Whatever the ideology expounded, the Muslim Brotherhood is comprised mainly of professionals, with many involved in businesses. Like the crony capitalists of the Mubarak era, the government has become an instrument to protect their interests.

 

Back in November, Morsi seized power and moved to block the Constitutional Court to save his concept of democracy. There is nothing to say that he will not break the labour unions to save his vision of the economy. He should look very carefully at the mere 20% of the voters who supported his constitutional efforts and realize that he has been given a warning. The people of Egypt are not marching in his parade.

 

Felix Imonti is the retired director of a private equity firm where he was an investment strategist for seven years. 

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THE ENDURING EGYPT-IRAN DIVIDE

Mehdi Khalaji

Washington Institute, Dec. 31, 2012

 

Despite ideological affinities between the Muslim Brotherhood and Tehran, political disagreements make a rapprochement unlikely. Egyptian President Mohamed Morsi may look besieged at home, but by brokering a ceasefire between Israel and Hamas in November, he enhanced his diplomatic stature mightily across the entire Middle East. Indeed, as 2012 comes to a close, Egypt's centrality to regional diplomacy has been restored. The big question for 2013 is whether Morsi will follow his achievement in Gaza by tackling another major diplomatic challenge: rebuilding relations with Iran after more than three decades of animosity.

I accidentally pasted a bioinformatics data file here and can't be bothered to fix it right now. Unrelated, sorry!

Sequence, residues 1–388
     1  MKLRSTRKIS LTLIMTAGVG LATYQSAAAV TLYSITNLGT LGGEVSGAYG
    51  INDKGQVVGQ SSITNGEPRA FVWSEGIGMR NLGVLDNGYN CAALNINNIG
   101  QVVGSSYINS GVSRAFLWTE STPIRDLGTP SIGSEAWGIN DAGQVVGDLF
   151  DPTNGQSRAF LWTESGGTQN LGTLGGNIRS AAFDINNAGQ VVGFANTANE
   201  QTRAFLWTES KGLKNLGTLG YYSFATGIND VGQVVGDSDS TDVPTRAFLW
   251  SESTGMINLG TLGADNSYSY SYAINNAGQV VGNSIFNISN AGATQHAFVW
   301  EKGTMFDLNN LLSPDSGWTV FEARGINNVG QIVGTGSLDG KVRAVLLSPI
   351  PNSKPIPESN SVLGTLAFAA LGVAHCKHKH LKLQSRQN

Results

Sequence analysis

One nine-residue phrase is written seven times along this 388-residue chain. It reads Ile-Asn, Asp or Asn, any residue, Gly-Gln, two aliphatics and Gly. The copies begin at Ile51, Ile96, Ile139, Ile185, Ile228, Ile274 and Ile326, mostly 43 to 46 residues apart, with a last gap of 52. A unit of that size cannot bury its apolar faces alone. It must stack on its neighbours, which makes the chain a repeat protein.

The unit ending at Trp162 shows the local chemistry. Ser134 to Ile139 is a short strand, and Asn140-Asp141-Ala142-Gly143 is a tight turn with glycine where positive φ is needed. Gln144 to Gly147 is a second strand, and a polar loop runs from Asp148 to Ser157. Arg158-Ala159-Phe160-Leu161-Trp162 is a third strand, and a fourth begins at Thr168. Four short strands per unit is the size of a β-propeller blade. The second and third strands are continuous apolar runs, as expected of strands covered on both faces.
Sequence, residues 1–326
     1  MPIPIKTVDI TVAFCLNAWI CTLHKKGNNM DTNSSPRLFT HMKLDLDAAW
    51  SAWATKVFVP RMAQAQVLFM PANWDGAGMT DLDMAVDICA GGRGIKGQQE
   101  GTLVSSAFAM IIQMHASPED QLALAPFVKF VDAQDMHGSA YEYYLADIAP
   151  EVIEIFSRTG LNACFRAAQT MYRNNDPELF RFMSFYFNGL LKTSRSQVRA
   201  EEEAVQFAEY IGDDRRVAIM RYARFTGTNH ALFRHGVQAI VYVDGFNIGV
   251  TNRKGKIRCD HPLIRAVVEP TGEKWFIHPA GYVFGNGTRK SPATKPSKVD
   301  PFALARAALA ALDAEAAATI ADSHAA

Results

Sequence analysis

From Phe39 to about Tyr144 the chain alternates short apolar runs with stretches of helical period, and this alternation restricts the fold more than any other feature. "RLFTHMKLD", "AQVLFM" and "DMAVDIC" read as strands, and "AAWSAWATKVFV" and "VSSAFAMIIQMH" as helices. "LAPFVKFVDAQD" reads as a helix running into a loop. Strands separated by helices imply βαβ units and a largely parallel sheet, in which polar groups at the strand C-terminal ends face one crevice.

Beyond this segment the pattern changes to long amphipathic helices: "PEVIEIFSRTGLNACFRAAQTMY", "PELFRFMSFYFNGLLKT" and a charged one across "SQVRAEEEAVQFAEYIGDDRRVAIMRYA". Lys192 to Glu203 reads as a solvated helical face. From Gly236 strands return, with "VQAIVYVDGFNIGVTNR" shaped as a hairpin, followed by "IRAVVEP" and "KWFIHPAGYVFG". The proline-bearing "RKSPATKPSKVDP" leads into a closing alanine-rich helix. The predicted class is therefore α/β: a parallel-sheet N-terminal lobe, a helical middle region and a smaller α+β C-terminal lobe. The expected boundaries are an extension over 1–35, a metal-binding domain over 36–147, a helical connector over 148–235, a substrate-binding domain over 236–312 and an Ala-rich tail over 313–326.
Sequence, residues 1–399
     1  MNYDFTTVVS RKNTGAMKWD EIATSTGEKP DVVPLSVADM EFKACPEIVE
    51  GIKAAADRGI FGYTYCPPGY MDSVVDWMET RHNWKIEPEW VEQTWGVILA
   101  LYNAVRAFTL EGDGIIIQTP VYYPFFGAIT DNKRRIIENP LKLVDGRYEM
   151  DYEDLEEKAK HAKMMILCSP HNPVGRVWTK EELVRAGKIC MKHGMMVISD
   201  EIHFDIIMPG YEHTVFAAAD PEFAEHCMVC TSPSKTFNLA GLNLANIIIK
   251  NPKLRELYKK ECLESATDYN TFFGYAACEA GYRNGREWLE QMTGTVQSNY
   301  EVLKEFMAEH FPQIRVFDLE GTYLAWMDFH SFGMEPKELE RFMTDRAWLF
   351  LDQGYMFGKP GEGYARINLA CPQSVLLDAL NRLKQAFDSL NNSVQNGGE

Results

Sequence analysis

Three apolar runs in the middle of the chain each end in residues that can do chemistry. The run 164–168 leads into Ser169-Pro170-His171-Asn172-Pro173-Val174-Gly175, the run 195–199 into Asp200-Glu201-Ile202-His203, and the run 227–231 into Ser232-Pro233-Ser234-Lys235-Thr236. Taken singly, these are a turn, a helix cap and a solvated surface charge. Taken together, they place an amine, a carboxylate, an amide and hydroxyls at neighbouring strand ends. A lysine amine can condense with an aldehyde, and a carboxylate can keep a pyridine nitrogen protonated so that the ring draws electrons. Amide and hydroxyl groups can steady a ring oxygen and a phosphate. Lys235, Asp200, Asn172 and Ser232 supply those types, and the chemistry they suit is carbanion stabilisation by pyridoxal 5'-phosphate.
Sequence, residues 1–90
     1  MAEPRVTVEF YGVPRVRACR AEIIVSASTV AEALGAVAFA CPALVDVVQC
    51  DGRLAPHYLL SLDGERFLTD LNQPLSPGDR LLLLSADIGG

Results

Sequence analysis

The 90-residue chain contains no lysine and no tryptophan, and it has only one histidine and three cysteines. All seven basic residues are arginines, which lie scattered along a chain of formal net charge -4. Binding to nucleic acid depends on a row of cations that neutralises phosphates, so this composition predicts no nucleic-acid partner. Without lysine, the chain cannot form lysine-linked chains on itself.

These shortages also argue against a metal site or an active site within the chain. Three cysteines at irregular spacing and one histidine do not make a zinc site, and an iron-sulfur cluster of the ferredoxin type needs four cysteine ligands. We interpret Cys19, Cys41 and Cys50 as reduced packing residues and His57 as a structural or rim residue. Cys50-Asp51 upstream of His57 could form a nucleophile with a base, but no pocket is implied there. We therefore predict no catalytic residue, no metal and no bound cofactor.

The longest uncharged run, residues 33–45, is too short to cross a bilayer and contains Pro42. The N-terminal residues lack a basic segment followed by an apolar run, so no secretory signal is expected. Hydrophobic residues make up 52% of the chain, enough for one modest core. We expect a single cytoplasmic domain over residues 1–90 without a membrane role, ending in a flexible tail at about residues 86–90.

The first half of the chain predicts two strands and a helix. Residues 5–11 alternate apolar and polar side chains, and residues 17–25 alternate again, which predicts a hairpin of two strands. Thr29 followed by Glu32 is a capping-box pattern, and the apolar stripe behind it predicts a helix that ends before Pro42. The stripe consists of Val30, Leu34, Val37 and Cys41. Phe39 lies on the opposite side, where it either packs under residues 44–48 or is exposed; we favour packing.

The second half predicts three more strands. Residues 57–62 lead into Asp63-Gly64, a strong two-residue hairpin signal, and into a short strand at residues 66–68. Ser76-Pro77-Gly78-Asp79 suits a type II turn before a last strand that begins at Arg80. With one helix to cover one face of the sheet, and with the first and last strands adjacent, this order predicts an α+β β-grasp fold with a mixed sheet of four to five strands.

Initially, the Muslim Brotherhood's ascent to power in the aftermath of the massive popular protests that toppled Morsi's predecessor, Hosni Mubarak, inspired hope of renewed diplomatic ties with Iran. But, despite shared ideological principles, significant political obstacles continue to inhibit bilateral cooperation.

 

Relations between the two countries collapsed in 1980, after Ayatollah Ruhollah Khomeini came to power in Iran's Islamic Revolution and severed ties in response to Egypt's formal recognition of Israel the previous year. Egypt's then-president, Anwar El Sadat, granted the exiled Shah of Iran permission to live in Egypt, and supported Iraq in its eight-year war with the Islamic Republic. The Shah was ultimately buried in a mosque in Cairo….

 

Islamists in Iran and Egypt have a strong ideological connection. They share anti-Israel sentiment, and support Hamas against the secular-nationalist Fatah in the Palestinians' internecine struggle. Committed to governance under Sharia (Islamic law), they both view Western culture as a threat.

 

Iran has made some efforts to establish stronger economic relations with Egypt's Islamist government and, in turn, cement a powerful anti-Israel front in the region. Iran's attempt to strike a deal to sell Egypt crude oil would also help the Iranian government to cope with economic sanctions imposed by the United States and the European Union. But, although Iran's oil minister, Rostam Qassemi, said in October that negotiations were underway, Egypt's minister of petroleum and mineral resources, Osama Kamal, quickly disavowed any such deal.